It has also given us opportunities to share ideas, form learning communities within our organisation, and use this new system as an over arching tool to discuss and reflect on our practices – not just from a compliance perspective but from the perspective of what is right for children.

How can child care professionals adapt to these changes?
Early childhood professionals with a commitment to their own ongoing professional development and learning constantly engage with reflective thinking, evaluation and looking forward.

With any new system, it is better to fully embrace it, reflect on its impact and question its effectiveness.

As services will be assessed through the National Quality Standards, so too will the system assess itself through feedback from the sector and the overall results the new system will bring.
I would expect that the system will be adapted over time to reflect the current thinking and research about high quality early childhood education.

What, in your opinion, are the most important factors to ensure Australia has a world class early childhood education system?
We need a commitment from the whole of the Australian society. The provision of early childhood education is not just a workforce issue, (although clearly it is needed). Early childhood education needs to be recognised for its importance in its own right and then funded appropriately. This would result in early childhood education being available to all children across the country no matter where they live and early childhood professionals being recognised and paid at the same level as their school colleagues.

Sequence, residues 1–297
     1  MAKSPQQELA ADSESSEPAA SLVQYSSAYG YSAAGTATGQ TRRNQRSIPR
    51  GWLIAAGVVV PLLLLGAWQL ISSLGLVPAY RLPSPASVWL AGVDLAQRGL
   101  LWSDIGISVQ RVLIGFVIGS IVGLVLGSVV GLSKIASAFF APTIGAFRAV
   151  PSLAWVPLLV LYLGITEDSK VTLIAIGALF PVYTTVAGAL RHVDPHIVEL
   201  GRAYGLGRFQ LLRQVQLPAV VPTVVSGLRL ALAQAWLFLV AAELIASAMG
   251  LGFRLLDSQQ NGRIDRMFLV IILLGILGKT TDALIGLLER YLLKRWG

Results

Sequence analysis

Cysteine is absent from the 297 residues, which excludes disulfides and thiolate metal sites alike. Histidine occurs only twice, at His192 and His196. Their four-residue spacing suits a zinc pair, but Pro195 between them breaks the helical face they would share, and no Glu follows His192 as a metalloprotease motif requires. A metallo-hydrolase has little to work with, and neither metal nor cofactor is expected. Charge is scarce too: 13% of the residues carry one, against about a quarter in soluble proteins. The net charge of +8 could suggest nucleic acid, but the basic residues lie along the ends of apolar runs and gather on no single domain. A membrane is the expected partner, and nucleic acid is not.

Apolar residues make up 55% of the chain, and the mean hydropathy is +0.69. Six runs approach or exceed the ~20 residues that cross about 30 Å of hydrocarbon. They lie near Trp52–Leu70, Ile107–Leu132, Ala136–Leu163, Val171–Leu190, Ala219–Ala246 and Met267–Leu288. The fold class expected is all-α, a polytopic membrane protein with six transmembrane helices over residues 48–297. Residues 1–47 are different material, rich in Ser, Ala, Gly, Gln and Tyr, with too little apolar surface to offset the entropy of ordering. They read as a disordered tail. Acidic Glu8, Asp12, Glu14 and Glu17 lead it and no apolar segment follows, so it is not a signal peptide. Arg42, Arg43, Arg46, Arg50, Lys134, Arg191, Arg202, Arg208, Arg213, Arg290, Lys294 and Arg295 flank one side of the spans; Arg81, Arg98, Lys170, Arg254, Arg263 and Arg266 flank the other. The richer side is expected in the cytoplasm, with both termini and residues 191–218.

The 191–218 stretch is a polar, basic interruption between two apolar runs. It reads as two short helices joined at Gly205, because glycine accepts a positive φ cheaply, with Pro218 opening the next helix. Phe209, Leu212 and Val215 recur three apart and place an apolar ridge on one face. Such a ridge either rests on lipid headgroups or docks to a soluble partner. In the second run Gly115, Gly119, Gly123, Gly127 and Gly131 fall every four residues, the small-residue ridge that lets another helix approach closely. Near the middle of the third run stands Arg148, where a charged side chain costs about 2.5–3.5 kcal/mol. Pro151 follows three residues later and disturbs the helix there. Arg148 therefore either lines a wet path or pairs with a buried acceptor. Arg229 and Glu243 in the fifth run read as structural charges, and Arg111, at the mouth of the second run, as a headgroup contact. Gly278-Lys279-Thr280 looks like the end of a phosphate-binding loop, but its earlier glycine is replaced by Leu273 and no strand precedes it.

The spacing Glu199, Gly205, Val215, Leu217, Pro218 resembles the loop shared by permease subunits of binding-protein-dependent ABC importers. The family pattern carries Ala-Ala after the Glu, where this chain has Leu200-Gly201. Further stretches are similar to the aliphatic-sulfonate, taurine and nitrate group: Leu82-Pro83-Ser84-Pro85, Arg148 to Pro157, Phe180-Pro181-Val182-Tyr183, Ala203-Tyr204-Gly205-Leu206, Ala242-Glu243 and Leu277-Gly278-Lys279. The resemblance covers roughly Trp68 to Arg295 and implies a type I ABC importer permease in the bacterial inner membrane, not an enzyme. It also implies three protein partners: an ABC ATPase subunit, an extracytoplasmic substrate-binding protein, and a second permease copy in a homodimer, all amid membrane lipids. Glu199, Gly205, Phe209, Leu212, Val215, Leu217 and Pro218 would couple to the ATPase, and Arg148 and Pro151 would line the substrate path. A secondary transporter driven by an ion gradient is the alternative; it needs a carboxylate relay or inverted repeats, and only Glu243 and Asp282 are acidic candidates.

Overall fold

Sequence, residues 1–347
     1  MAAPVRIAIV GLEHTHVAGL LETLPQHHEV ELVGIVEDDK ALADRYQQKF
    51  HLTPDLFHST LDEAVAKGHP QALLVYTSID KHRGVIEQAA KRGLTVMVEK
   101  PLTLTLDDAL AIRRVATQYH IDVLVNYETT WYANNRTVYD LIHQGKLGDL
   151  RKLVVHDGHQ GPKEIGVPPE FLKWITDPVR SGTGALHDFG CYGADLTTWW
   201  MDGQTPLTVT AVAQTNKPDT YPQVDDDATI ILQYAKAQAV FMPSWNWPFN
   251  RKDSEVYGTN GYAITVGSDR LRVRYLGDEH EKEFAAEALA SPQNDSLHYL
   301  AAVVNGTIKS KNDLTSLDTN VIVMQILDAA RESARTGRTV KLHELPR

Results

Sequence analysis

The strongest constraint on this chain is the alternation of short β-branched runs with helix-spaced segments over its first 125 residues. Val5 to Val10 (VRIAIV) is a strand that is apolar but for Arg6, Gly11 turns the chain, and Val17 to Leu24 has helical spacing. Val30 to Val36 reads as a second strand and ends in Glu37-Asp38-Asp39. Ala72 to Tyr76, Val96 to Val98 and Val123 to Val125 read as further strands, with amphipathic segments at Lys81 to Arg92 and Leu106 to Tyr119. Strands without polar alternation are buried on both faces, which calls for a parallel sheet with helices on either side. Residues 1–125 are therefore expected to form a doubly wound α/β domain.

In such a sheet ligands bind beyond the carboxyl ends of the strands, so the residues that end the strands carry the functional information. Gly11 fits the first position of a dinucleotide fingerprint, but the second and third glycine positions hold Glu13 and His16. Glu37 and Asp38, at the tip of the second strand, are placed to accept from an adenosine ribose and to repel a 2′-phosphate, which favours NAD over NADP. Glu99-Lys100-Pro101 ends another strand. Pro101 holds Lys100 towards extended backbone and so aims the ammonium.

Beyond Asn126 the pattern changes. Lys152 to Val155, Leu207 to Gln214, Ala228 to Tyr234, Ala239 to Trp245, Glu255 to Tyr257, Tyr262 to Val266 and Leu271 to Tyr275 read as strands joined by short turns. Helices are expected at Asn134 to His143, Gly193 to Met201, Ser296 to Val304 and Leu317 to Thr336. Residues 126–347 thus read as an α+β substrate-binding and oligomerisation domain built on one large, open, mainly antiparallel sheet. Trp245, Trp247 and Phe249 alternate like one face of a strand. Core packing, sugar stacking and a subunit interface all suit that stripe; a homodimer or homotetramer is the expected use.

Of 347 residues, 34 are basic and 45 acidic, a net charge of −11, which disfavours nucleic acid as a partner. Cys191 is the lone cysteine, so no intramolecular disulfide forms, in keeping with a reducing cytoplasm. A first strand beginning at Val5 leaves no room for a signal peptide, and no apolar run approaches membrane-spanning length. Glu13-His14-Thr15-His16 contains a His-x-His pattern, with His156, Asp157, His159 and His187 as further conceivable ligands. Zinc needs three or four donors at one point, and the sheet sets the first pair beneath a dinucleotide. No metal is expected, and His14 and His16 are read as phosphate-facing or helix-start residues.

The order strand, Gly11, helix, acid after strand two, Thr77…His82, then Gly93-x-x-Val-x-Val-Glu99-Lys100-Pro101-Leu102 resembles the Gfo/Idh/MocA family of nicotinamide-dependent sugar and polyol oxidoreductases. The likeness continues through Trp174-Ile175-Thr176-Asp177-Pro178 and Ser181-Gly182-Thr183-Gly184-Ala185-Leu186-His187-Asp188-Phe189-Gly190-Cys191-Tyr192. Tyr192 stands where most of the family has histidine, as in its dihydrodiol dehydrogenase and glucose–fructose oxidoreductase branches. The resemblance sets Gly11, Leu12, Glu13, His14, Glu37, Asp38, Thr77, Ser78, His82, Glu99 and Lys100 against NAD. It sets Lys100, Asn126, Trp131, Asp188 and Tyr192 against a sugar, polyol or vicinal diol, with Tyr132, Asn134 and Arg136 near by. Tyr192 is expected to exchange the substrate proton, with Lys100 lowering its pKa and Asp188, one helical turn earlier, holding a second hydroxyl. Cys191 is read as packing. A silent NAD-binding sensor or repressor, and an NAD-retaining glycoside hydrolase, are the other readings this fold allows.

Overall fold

It is only when we reach this "whole of a nation" valuing of early childhood education that Australia will become world class.

Final word…
I would like to say the following to all the early childhood professionals who are currently working with children and learning the new requirements - you are a dedicated group of people who are not generally motivated by monetary rewards but by the intrinsic rewards you gain by knowing you make a difference to the lives of young children.

For the first time in Australia's history we have a whole of government agreement to improve early childhood education and you are part of this historic moment in time. Embrace it – reflect on it and stand proud of your work.

If you'd like to nominate a key child care organisation or someone you'd like to see profiled please drop us a line at®